Dolly Unachukwu may well rank as a superstar, being one of the pioneer actresses of the Nigerian movie industry, better known as Nollywood. Her roles in the highly controversial and famous Glamour Girls, to Full Moon, Final Decision and Deadly Affair readily come to mind. But all of a sudden, she dumped acting, packed her bags and relocated abroad, eight years ago. In a telephone chat with ADIA UKOYEN, she spoke about her recent graduation from the University of East London, why she relocated and her plans for the future.

What have you been up to lately?
I just bagged a B.A. (Hons) degree in Film Studies from the East London University, on the 8th of this month. Before then, I was living and trying to make the best of life like every other law abiding citizen in England.

With this degree in your kitty, what next?
I plan to return home and contribute my quota to the industry by practising what I read.

Being one of the pioneers of the movie industry, how would you assess it?
We were pioneers of the industry. We have paid our dues. We were not paid much but what we got was enough for us to live on and be called fortunate then. The difference between now and then is that there are loads of films being released on a daily basis now which was not applicable in our time. And many of these films are substandard. Many of the new producers cut and join films just for the money, that is why you see films with no depth, in terms of story line, running into three parts and even more. They do not care what damage they are doing to the industry.

There has been an improvement in the industry so far. It’s good to see that they are moving forward but, unfortunately backwards sometimes. I am happy to see all the young actors and actresses coming through. I am really proud of them. I must also commend the Nigerian society who is now able to separate the characters portrayed in the movies from the real personalities portraying the characters, it wasn’t like that in the beginning, as the stigma of a villain played in a movie did get transported into the real life of the actor or actress.

What would you rather have it be?
My dream for Nollywood is to see it grow from strength to strength. I wish for the industry to grow to the point where it will collaborate with Hollywood and Bollywood. I want to see our artistes being contracted to shoot films all over the world and to definitely see Nollywood reach the box office. In a system where most films are screened all over the world, producers have the passion for the industry and endevour to make sure the next films they produce is better than the last they did.

Where would you be shooting your films?
There is no place like home. Home is still my best location. Most of my films will be shot in collaboration with home-based artistes.

Having been away for such a long time, what do you miss most about home?
I miss the sun mostly. It is freezing cold right now and I wish to be at home. I miss the rest of my family at home, friends and colleagues. And most of all, I miss my fans.

Which of all the films you featured in shot you to fame?
Deadly Affair shot me into the limelight. The last film I did was War of the Roses, in 2000, back home.

What was growing up like?
I grew up in a strict Christian home in Lagos. I went to primary school and part of secondary school in Surulere. I finished my secondary education in Anambra State. I never intended be become an actress. I just dabbled into it. I had gone to the Nigerian Television Authority NTA, to find a holiday job. While there, I was asked to cover up for someone who was not there and from there my boss asked if I wanted to act and then, sent me off to the set of Mirror in the Sun. From there, I went to get formal training in Jos; the Television College, where I got a diploma in TV Production. I came back to the NTA and assisted with Morning Ride for a year before I landed a role in Fortunes, the soap opera that made me a household name.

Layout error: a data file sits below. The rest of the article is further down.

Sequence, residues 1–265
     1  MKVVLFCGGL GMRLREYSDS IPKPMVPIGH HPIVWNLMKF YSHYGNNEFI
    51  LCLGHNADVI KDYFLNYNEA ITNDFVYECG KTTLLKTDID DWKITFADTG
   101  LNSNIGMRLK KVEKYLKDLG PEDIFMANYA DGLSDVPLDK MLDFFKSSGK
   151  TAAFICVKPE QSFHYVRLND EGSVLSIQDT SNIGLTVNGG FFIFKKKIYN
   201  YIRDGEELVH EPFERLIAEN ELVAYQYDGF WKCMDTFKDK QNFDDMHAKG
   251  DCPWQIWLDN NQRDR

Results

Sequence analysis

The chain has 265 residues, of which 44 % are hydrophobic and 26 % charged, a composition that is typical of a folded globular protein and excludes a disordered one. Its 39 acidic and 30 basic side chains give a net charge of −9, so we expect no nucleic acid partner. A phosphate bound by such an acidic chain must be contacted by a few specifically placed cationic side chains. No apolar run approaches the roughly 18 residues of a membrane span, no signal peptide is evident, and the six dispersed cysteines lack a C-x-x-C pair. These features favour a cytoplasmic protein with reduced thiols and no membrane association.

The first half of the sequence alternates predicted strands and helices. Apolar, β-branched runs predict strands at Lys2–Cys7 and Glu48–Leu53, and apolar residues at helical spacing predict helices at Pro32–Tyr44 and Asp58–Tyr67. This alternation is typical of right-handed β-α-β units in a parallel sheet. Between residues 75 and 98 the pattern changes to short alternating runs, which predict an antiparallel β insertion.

What had you hoped to become?
I wanted to be a lawyer, which was why I went to get a diploma in Law from the Lagos State University, LASU. My parents, my mother in particular, was the one who sent me to the NTA to get a holiday job while I waited for my school certificate results. My uncle was the programmes manager, then at the NTA.

A couple of years back, you relocated abroad, why?
I relocated to join my then husband in 2000. The marriage broke down as soon as I got there and I moved on with my life.

Did you remarry?
No, I didn’t, but I have two children, my boy from my first marriage and the girl is a love story.

Are you in a relationship?
Yes, I have a partner.

White or black?
A Nigerian.

Do you hope to get married again?
I leave that to God. I have tried twice and failed.

Who are your role models?
I adore Joke Sylva and her husband, Olu Jacobs.

How would you describe yourself?
I am a God-fearing woman. I believe in keeping people happy. I am simple and very easy to be with. I am humble, with a positive approach to life.

So do you still keep in touch with Nollywood actors and actresses as well as the other players in the industry?
Yes, but only with a few of them, whenever they come into town (London). We catch up on the phone or we meet, depending on our schedules.

As a pioneer and veteran of the Nigerian movie industry, what advice do you have for the young, aspiring actors?
They should work on their God- given talent first and then try and train to understand the business, they should also remain focused. It is much easier to make it in Nigeria as an actor or actress; of course they should go to the right places and hang out with the right crowd. Hardwork is also part of the game, they shouldn’t get tired of auditions, even if they are not landing the parts, they should try harder, and eventually the producers and financiers will take note.

en if they are not landing the parts, they should try harder, and eventually the producers and financiers will take notice.